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Martina Hingis retires, ending unique Olympic career

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Swiss tennis champion Martina Hingis played at her first Olympics in 1996. She announced her retirement Thursday (for a third time), two months after the demolition began of the Atlanta Games tennis center.

The 37-year-old Hingis went 20 years between Olympic appearances, taking doubles silver in Rio last year.

“I think if you asked me 10 years ago if I would be here in Rio, I would say you’re crazy,” Hingis said at the Rio Games, according to Agence France-Presse. “Because I didn’t play for six years and being able to play for gold is unbelievable.”

Her first Olympics came six months before the first of her five Grand Slam singles titles in the late 1990s.

She was the second-youngest singles player at the Atlanta Games, behind Anna Kournikova. Hingis, then 15, lost in the second round in singles in Atlanta but hoped to continue farther in doubles with Patty Schnyder so she could watch equestrian events.

“I have seen the dressage, but I would also like to see the jumping so I hope we can stay one more day,” the Slovakian-born Hingis said in 1996, according to the Independent. “If we lose, I go home.”

Hingis and Schnyder lost in the quarterfinals.

The next year, she rattled off her first three major victories — the Australian Open, Wimbledon and U.S. Open. She skipped the Sydney 2000 Olympics to avoid injury risk.

Hingis missed the 2004 and 2008 Olympics during separate retirements.

Then, in 2011, the still-retired Hingis was asked by countryman Roger Federer‘s team to consider a comeback. She and Federer discussed playing mixed doubles at the London 2012 Olympics but decided against it.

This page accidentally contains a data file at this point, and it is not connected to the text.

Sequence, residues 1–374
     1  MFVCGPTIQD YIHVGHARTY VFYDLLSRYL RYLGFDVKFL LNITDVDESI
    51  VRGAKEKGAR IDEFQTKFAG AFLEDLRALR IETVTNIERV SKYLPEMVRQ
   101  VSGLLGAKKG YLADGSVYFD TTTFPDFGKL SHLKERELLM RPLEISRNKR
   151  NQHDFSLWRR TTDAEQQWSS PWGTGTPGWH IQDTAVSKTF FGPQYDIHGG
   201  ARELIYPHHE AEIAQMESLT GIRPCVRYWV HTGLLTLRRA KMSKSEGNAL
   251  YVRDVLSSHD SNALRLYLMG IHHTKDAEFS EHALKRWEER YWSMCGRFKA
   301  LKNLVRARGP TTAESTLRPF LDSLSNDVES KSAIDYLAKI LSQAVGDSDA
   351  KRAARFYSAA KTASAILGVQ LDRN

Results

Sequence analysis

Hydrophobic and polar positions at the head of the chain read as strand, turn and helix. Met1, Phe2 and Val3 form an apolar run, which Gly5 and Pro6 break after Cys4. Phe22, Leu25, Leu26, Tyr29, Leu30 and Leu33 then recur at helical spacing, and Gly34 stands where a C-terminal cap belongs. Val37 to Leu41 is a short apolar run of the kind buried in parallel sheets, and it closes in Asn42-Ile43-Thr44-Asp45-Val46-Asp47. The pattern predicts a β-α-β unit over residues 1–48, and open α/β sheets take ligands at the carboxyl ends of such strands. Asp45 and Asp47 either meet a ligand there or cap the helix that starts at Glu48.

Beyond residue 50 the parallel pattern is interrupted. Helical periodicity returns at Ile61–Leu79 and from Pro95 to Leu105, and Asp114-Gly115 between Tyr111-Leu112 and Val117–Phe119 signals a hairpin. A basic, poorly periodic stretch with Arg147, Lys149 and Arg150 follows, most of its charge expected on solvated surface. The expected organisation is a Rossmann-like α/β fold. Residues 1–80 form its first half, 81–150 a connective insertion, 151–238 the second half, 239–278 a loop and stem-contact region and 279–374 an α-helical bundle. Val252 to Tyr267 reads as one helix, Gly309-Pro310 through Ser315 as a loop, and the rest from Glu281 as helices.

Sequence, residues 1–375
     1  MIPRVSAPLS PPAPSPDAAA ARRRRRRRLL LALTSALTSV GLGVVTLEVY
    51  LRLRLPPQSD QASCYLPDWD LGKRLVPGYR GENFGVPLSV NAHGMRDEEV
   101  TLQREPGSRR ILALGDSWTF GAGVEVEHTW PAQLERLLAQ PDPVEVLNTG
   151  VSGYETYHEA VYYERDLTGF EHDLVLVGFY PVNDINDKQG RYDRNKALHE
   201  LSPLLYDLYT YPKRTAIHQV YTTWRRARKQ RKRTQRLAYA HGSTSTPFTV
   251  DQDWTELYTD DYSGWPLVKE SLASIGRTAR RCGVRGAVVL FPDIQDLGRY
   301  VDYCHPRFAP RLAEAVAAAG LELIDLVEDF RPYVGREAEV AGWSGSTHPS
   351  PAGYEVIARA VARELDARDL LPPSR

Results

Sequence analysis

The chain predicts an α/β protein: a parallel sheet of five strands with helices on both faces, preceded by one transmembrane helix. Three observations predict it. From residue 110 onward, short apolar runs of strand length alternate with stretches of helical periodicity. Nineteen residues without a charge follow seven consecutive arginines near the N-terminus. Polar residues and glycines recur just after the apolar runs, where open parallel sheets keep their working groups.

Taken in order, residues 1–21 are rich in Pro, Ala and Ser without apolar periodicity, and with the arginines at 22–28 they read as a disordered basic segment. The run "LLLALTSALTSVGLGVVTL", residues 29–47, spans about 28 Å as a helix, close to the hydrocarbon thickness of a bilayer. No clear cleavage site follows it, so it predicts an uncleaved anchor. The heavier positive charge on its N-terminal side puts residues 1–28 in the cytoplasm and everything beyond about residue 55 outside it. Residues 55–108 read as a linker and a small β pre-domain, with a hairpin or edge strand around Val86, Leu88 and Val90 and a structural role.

Hingis unretired in 2013, to play doubles, and rose to No. 1 in the world. She won four more Grand Slam doubles titles — giving her 13 total — and six mixed doubles crowns, giving her seven total.

She was to play mixed doubles with Federer at the Rio Olympics until Federer pulled out with a knee injury.

That same week, less than two weeks before the Opening Ceremony, Hingis lost her Olympic doubles partner, Belinda Bencic, to a wrist injury.

Hingis went on to play in Rio with Timea Bacsinszky, losing the final to Russians Ekaterina Makarova and Elena Vesnina. Hingis was the second-oldest female player in Rio, behind Venus Williams.

Only one female Olympian has gone longer between Olympic appearances than Hingis’ 20-year gap — U.S. equestrian Jessica Newberry-Ransehousen (from 1964 to 1988), according to Olympic historian Bill Mallon of OlympStats.com.

The overall record is held by Japanese equestrian Hiroshi Hoketsu, who went 44 years from 1964 to 2008.

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Olympic Alpine skiing champion suffers serious knee injury

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Swiss Carlo Janka, the 2010 Olympic giant slalom champion, suffered ligament damage in his right knee in training on Tuesday, five days before the World Cup season starts.

Janka, 31, is traveling home for rehabilitation, according to the Swiss Ski Team.

Janka’s status for the season, including the Olympics, is not known.

Janka, nicknamed “The Iceman” for his laid-back personality, was once the world’s best skier. He was a 23-year-old phenom when he won his Olympic gold and the World Cup overall title in the same season.

A year after the Vancouver Games, Janka experienced an irregular heartbeat and was forced to undergo
minor heart surgery.

He has not been the same skier since, even saying at one low point before Sochi, “I need to ski with the women now.” Janka’s best Olympic or world championships result since Vancouver is sixth.

Janka has two World Cup wins in the last six years, but one was the super-G at the PyeongChang Olympic venue in February 2016.

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Swiss government backs 2026 Winter Olympic bid

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BERN, Switzerland (AP) — Switzerland’s federal government says it would contribute $1 billion toward Sion hosting the 2026 Winter Olympics.

The Swiss federal council voted to support the proposed candidature, which still requires approval from expected public votes.

Federal councilor Guy Parmelin, who heads the department for sports, says the project would be withdrawn if the votes are lost.

Swiss support comes three days after voters in Austria rejected a proposed 2026 bid by two-time host Innsbruck.

Sion’s plan involves hosting events in towns and cantons (states) across Switzerland which could insist on a referendum.

The federal council says it could contribute $842 million toward the organizing budget.

The International Olympic Committee is scheduled to pick the 2026 host in 2019.

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